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Why you don’t get to have an opinion about the niqab

What Canadian values are so threatened by the niqab, and why do any of us care? It’s a national debate that is stealing the election, and unlike almost every other topic, it’s one everyone from every corner of society seems to have a very strong opinion about.

For those who have missed it, this started with whether women should be allowed to clothe themselves head to toe during a citizenship ceremony. Women who are a minority several times over, and who have presumably undertaken the arduous process of becoming a Canadian citizen to enjoy the freedoms the majority of us enjoy. But of course, it’s not about that anymore.

No, it’s become about the rest of us, and how we have to defend our Canadian values, which are apparently so fragile that they’re threatened by a handful of women who opt to clothe themselves in a certain way. The irony is that none of us, not a single one of us, can actually do this without being a really big hypocrite. Don’t use your freedom of expression to explain why others shouldn’t be entitled to that same right. And don’t try to defend our Canadian values – enshrined in our Charter of Rights and Freedoms – by kicking and screaming and tearing apart those good, decent, important rights to make them conditional, weak and valueless.

This is not a post about the niqab. This is a post about why every single argument against it is xenophobic, hypocritical or so completely illogical that it shouldn’t deserve any of the air time it’s probably getting.

For example, it doesn’t matter that the choice to wear a niqab is cultural rather than religious: both are protected by our freedoms of expression and religion. It’s also no one’s place to strip a woman of her rights on the assumption that she can’t make decisions for herself. Especially if you’re sort of WASP-ish, or happen to be male, or are really anyone who isn’t one of the handful of women who choose to wear a niqab. You really shouldn’t even get to talk about it, but for better or worse, even that is a right we all enjoy.

That the niqab thwarts our chance at having an open society is another ludicrous argument. The muzzling of scientists, or cuts to public broadcast funding, or attempts to misuse, abuse and ignore freedom and access of information laws have done more to destroy the concept that we actually live in an open society than anything else. 

That the niqab is simply indecent is also a good one. As Barbara Kay so richly put it, “it is corrosive to the social reciprocity on which neighbourhoods depend for spontaneous camaraderie.” I’m not sure where you live, but I don’t live in some made-for-TV 1950s neighbourhood where I’m friends with the postman and my neighbours bring me cookies. What fosters what little spontaneous camaraderie I feel in my community, is general decency toward all neighbours regardless of their race, faith, gender or sexual orientation. What’s been made unfortunately clear by some of the racist and uneducated commentary on this national topic, however, is that we have a very strong capacity to be indecent to others, and that is corrosive to social reciprocity.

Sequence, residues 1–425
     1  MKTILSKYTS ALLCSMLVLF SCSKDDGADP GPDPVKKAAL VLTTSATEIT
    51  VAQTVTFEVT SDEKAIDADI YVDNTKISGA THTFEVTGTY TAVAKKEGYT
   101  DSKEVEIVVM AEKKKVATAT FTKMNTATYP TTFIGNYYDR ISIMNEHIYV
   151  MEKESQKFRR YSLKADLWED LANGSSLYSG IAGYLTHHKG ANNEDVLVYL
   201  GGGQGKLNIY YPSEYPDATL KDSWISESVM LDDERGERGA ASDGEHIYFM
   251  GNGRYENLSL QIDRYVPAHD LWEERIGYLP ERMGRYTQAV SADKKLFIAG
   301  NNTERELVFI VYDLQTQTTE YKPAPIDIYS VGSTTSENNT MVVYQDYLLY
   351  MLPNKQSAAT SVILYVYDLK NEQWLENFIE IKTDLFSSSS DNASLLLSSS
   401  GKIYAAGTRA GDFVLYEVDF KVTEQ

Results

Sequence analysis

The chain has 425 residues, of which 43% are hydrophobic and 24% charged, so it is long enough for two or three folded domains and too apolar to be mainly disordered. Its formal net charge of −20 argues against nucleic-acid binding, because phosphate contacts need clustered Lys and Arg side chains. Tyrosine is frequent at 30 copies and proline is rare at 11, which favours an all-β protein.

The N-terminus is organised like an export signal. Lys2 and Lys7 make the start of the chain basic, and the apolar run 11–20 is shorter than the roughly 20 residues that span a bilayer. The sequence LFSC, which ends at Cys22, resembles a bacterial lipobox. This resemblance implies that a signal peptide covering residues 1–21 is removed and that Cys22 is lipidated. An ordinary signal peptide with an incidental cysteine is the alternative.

To bridge the decency and wearing-a-niqab-is-anti-feminist arguments, those hot-pink velour sweatpants with “juicy” written on the ass are significantly more denigrating, objectifying and indecent toward women than black, flowing pieces of fabric. They also make me seriously question the wearer’s self-respect and upbringing, but unfortunately, regardless of how little taste some people have, they are entitled to express their low self-esteem and superficial views as they please.

Some people actually define that as feminism, that it’s all about a woman being able to express herself and her sexuality however she chooses. Despite my strong feelings about wearing sweatpants in public, that’s an argument I can get behind, because guess what, it’s one that includes a woman’s choice to not conform to western, paternalistic standards of how women should or shouldn’t dress in the 21st century.

We don’t assume all women can cook, or that anyone older than 80 is racist, or that anyone who looks slightly Asian is good at math. (If you do, it may be time to evaluate a few things.) Just because someone wears a niqab does not mean they believe in Sharia law or stoning. In fact, just because someone is Muslim doesn’t mean they believe in those either. There’s this creeping fear that accepting another religion and culture into ours will weaken the Canadian mosaic. It’s fed by fears of Islamization and ISIS and terrorism, which in turn are fuelled by ignorance, a poorly critical 24-hour news cycle and propaganda.

A government choosing to strip a select few wannabe citizens, who, again, presumably want to be Canadian precisely because of our values, is a threat to each and every one of us. It’s a mindless and xenophobic decision that serves no purpose except to show us that our government can and will fight our freedoms. Unfortunately, we missed that point. We’ve bought into the debate about whether it’s Canadian to hide your face. We’re listening to racist wingnuts espouse bigoted values. As a nation, we’re thinking more critically about this than our country’s decision to bomb Syria (which was a decision, by the way, to fight a group that in some of the most horrifying ways imaginable is systematically trying to strip women, men, children and minorities of their rights).

Let’s think about that one, as we go about our days, saying what we want, dressing how we like and enjoying all of the freedoms being in this country offers those our elected government apparently chooses to offer them to.

 

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